'Streywater' was apparently given the name because, when brewed, a masking spell is added to the mixture to make it appear like stagnant water; the kind wizarding slate miners used to carry in their water bottles. Apparently several wizards from the area would have to work in the mines to bring money in because magical work was scarce in the village, but they grew tired of having to act like the miners and thought they'd improve the way they felt. One of them, by the name of Davy Teer, developed a brew like gillywater that refreshed one's mind and body upon consumption, although he enhanced the effects, then made it look as if it was normal water so the Muggles he was working with wouldn't find out. It was others who added the alcohol, though apparently that was for an extra 'kick'. The miner benefitted from the drink profoundly and, by offering it to magical folk who were not native to the area, it became a tradition due to the reactions that were usually produced.
After this bit of interesting history, Sisa and I shyly thanked the nineteen-year-old and turned back to the drink to consume more. Halfway through and feeling considerably more refreshed, our main meal arrived and we dug into that straight away.
Sisa had ordered an English classic with a twist - steak and kidney pie but with an ingredient that made the sky and atmosphere seem a lot brighter, later explained by the helpful nineteen-year-old to be another invention of the wizarding slate miners to make it brighter when they got out of work (the skies in North Wales are certainly dark). Apparently it was a simple cheering charm but adapted to work on the eyes and before being cast on the pie pastry. It was certainly interesting to eat more magical food that actually had an effect on the taster.
My dish was a classic - fish and proper British chips. Both were exquisite and very well done, considering they're generally a more Muggle delicacy. Instead of peas with it I received a serving of a strange green mush that was surprisingly delicious and was later revealed to be dandelion leaves and salted gillyweed, of all things. It was also interesting that I did not gain any abilities from the gillyweed, a waitress later revealing that salting it took away the plant's powers.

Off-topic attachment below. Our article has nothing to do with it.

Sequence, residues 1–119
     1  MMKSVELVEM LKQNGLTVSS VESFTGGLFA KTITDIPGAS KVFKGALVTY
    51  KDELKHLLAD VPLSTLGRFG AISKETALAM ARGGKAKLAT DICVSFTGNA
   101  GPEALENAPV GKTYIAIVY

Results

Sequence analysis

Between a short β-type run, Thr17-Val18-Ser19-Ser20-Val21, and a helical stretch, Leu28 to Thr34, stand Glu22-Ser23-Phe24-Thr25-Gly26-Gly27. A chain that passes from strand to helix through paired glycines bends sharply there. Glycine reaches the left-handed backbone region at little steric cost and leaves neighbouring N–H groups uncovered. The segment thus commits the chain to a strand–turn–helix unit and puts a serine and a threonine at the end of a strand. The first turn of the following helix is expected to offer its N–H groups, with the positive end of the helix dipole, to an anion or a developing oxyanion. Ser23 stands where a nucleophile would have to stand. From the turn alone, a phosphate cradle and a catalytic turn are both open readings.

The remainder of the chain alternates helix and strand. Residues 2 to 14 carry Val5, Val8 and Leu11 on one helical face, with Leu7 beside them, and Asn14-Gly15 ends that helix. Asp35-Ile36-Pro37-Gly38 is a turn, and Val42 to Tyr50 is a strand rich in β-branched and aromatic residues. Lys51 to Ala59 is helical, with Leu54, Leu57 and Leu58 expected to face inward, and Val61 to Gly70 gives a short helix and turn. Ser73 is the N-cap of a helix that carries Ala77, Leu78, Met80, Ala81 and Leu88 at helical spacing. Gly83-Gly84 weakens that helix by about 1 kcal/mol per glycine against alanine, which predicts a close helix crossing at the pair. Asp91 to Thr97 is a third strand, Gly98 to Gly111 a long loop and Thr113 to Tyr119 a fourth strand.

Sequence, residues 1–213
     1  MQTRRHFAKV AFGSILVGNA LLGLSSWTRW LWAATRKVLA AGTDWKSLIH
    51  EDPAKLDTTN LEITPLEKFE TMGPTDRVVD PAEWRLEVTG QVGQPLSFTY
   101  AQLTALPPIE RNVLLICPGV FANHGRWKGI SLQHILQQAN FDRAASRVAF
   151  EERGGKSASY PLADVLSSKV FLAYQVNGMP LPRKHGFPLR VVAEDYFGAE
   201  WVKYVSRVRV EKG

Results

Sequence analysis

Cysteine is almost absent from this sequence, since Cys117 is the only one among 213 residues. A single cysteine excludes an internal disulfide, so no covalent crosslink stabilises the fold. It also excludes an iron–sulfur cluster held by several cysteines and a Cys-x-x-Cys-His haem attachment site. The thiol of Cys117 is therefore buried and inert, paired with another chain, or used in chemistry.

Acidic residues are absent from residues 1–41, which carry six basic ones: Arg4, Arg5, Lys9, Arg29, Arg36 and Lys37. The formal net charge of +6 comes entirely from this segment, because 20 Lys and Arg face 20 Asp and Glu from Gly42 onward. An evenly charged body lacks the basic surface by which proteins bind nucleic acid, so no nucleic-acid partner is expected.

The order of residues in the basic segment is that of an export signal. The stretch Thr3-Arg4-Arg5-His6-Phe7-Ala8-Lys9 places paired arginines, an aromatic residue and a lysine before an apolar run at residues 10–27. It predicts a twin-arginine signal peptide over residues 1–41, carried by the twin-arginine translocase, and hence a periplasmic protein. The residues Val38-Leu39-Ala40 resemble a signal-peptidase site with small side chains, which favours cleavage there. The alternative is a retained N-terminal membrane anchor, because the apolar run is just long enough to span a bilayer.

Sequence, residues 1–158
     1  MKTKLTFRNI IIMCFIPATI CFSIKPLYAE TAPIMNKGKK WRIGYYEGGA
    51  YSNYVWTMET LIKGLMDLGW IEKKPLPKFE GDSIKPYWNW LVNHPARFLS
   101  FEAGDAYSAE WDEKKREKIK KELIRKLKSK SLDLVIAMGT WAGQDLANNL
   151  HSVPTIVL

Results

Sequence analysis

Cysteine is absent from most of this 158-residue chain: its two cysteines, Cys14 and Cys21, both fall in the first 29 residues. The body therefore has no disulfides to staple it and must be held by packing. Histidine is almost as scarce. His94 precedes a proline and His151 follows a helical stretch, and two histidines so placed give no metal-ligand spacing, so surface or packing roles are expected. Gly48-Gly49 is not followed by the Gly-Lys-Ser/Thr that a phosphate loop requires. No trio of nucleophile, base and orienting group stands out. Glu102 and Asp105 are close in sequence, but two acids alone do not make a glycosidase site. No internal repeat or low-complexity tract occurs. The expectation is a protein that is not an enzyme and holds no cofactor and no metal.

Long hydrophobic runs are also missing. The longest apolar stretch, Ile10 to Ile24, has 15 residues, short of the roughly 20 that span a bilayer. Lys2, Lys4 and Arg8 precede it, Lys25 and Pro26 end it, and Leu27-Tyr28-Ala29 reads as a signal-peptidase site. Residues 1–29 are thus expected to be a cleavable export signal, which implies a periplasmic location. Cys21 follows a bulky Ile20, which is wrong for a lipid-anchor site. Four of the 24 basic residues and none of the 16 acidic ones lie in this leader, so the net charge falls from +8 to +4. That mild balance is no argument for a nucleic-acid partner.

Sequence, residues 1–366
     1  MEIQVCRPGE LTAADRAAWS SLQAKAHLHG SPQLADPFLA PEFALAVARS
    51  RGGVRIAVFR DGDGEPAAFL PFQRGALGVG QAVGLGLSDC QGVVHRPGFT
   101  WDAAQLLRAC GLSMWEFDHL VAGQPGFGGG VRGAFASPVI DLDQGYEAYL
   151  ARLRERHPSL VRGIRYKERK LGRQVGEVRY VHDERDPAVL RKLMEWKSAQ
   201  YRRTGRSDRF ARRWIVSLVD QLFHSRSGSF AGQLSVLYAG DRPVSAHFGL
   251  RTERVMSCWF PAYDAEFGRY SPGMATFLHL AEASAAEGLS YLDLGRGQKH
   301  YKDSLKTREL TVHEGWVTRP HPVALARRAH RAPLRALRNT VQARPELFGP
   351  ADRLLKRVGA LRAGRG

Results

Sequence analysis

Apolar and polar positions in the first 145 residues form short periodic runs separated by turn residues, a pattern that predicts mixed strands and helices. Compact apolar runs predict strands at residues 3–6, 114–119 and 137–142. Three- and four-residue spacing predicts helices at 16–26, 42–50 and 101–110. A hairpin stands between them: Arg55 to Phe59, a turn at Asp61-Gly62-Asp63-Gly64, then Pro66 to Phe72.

For dessert we both order a scone, which came with another strange creation that I am sure I will only ever eat in that town; a deep blue jam apparently made from sloe berries - wild berries typically used only in wines - with an added 'secret ingredient'. However, it was very bitter, and though had gelatine in it, left your mouth feeling parched and your tongue dry - I would not reccomend to buy it if you ever go there.
All that was left was for us to pay the bill and be on our way, though stopping briefly to thank the then tipsy nineteen year old, who kept us for a little with more information whilst his friends laughed from the corner. I then made my final review as so;
The staff were not the greatest - like many of the Welshman from the North they were slightly sullen and did not answer questions. However, the food - minus the sloe Jam - was very nice, and it was great to know the history of it and helpful to receive the cheering effects from both the pie and the 'Streywater' to combat the dreary sky above that had been getting us down. On the whole, I'd recommend it as the place to dine in Marronhead, though I am slightly dubious to what the other places for dining in the village are like if that was rated the best for, though it was pleasant, the Three Broomsticks is better in my mind! However, I am pleased to give the dining house three and a half stars on account of the fun food and drink.
That's all from me! Apologies for Jamie's absence - I'm sure she'll be back to write next issue!
Lilia Le Fay